Thousands of Xpill packs have come off the production line, and they contain just brown rice powder—nothing that should be making a difference to people.
He dislikes using the word 'placebo' when talking about the Xpill as it smacks of medical practice and the treatment of diseases. He makes no claims for Xpill; as he says: "There's nothing in these pills—and yet there's everything."
Researchers are starting to take an interest and are planning a series of independent studies into the strange phenomenon of Xpill. In the meantime, Robert is also looking at apps that can be built around the Xpill experience.
From being a simple experiment, Xpill has now taken over Robert's life. He says he will be doing less business coaching as his focus shifts to a pill that contains nothing—but seems to do so much.
For more on the Xpill: www.xpill.com
It still works when you know
When people take the Xpill, things can happen—even when they're told there is absolutely nothing in the pill. The same goes for the placebo, the dummy pill given to patients in drug trials.
In one experiment carried out by Ted Kaptchuk and his team of researchers from Harvard Medical School, 40 people with irritable bowel syndrome (IBS) were given a placebo, while another 40 weren't given anything at all.2
The placebo group knew they were taking a dummy pill—the container in which the pills came even had the word 'placebo' written across it.
Despite this, 59 percent of the placebo group reported a "significant improvement" in their symptoms within three weeks, compared to 35 percent of those who weren't given anything at all. In their case, time seemed to be the healer.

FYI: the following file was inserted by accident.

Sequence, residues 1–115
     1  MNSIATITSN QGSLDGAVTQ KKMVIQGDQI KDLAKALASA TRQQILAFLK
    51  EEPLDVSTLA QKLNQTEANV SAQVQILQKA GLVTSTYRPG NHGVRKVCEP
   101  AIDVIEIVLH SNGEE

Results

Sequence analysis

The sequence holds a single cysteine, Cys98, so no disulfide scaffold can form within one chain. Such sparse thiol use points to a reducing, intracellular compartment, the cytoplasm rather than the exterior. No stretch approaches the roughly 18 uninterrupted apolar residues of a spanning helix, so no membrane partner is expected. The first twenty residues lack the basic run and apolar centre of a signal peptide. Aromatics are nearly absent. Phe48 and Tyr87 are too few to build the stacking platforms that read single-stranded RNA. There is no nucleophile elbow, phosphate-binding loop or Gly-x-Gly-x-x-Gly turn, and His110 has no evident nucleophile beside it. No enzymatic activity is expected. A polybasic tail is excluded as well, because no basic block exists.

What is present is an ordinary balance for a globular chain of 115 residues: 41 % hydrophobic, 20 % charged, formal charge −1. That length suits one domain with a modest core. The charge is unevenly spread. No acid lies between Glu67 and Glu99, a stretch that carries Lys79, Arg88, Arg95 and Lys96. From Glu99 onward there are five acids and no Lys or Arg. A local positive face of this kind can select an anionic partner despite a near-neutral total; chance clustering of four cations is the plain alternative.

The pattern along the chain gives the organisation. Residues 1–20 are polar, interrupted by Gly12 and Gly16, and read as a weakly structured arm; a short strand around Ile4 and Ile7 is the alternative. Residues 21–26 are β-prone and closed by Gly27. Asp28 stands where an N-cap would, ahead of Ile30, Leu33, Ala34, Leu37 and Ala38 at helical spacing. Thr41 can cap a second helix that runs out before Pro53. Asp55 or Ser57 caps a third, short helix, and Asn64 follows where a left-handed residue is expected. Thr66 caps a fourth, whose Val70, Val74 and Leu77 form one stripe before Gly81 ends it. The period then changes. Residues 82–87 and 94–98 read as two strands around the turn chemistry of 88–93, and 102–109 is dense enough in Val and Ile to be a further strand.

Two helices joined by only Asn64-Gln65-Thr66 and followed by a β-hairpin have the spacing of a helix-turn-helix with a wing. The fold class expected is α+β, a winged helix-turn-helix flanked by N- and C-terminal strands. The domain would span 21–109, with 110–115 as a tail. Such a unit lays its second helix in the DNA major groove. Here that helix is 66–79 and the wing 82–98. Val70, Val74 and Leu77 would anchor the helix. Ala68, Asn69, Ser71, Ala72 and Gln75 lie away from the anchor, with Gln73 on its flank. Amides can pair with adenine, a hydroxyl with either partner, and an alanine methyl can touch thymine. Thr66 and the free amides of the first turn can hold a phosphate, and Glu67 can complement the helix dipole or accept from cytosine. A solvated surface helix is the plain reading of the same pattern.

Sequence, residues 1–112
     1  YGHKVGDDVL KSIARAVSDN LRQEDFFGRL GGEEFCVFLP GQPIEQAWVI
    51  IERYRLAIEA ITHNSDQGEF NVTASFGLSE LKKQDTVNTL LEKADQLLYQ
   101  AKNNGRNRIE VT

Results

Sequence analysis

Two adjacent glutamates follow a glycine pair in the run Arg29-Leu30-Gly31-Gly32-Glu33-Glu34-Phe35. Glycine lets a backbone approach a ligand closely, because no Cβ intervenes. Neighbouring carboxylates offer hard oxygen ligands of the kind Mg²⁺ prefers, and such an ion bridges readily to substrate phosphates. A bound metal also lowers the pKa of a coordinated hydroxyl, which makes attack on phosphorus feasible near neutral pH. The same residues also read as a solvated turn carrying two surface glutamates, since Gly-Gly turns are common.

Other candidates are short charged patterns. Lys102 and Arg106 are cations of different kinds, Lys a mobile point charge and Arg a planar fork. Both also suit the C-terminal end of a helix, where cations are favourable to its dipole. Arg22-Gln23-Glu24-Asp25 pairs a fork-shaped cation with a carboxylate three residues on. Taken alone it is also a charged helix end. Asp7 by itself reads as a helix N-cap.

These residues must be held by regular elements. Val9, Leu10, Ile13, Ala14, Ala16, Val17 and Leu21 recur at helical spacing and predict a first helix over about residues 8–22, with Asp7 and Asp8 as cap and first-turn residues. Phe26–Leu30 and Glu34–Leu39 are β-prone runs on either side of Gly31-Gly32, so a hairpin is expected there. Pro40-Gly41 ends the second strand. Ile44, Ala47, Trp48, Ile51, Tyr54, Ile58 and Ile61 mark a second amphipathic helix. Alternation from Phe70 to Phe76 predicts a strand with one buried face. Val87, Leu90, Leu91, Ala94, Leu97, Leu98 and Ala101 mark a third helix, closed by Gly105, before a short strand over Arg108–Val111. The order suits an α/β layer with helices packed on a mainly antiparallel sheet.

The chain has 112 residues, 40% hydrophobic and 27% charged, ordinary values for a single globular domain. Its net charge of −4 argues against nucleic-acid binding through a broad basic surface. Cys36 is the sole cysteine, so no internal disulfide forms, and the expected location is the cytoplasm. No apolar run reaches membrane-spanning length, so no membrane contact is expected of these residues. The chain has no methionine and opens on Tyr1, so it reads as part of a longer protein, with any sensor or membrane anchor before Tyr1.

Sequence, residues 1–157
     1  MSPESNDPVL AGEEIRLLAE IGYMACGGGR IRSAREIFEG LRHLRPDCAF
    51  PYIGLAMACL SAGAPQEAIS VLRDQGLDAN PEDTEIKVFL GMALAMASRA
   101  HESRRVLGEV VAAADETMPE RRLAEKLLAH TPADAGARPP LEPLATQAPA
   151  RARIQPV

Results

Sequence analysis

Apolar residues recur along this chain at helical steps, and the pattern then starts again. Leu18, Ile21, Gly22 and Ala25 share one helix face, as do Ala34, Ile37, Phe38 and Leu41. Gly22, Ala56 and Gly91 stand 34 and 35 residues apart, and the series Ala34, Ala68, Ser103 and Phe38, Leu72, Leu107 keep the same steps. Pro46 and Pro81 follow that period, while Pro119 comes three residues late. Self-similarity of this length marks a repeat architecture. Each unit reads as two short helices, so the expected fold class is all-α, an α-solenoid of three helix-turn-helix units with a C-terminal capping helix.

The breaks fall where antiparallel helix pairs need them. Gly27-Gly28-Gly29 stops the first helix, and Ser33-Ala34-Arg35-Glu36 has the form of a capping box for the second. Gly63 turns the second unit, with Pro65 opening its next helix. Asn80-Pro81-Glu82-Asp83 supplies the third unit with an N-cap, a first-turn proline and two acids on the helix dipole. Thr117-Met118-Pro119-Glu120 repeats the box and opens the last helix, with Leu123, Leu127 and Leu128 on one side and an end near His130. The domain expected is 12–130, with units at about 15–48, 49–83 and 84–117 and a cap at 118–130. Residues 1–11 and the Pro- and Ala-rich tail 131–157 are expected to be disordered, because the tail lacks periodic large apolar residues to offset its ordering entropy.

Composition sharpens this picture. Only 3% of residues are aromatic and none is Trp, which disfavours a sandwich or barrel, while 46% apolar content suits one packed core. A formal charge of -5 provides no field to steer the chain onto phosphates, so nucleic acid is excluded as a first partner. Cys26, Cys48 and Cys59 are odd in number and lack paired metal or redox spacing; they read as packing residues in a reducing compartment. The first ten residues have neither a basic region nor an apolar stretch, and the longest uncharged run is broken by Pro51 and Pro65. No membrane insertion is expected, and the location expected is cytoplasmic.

The results from the placebo group were as good as would be expected if they had been given a drug.
Kaptchuk said he wasn't entirely sure why the placebo had worked as well as it did, but he thinks it has more to do with medical ritual than just positive thinking, especially as improvements were twice as strong in the placebo group.
It's not just pills that can elicit the placebo effect. Patients who undergo surgery also report positive results even when nothing has been done to them.
Carrying out placebo procedures instead of proper surgery is rare because it's considered to be unethical—but when it does happen, patients are seeing similar benefits.
Orthopedic surgeon Andy Carr, from Oxford University Hospitals, says that several studies have tested the proper surgical procedure against a 'sham' operation on elective (non-emergency) surgery for arthritis of the knee, spinal cement injections for vertebral fractures and gastric balloon operations.3
Professor Carr says the placebo effect could partly be explained by the fact that surgery hasn't been properly tested scientifically in the way drugs are evaluated—and so the placebo effect could be happening far more often than surgeons realize.
"The correct thing is . . . not to continue doing operations where we don't know whether or not there's a strong placebo component or an entire placebo component because that means that tens or hundreds of thousands of patients are having unnecessary operations," he said.
It's not about the pill
When it comes to the placebo effect, it's not just about the pill. Instead, it's about the whole ritual of care, including the interaction with the doctor or nurse, actually taking the pills and "all the rituals and symbols of our healthcare system," said Professor Ted Kaptchuk of Harvard Medical School.
He's been pondering what makes up the placebo effect ever since a small test he carried out came up with extraordinary results.4
He gave a dummy pill—clearly marked as a placebo on the packaging—together with an NSAID (nonsteroidal anti-inflammatory drug) painkiller to around half of 97 patients with chronic low back pain, and just the NSAID to the rest.
It was explained to those given the placebo that it had no active ingredients—and yet those given the placebo along with the NSAID reported a 30 percent reduction in pain, compared to just a 9 percent pain reduction achieved by the NSAID alone.
If the placebo effect really is all in the mind, it's clearly a mind that doesn't care whether or not it's taking a dummy pill.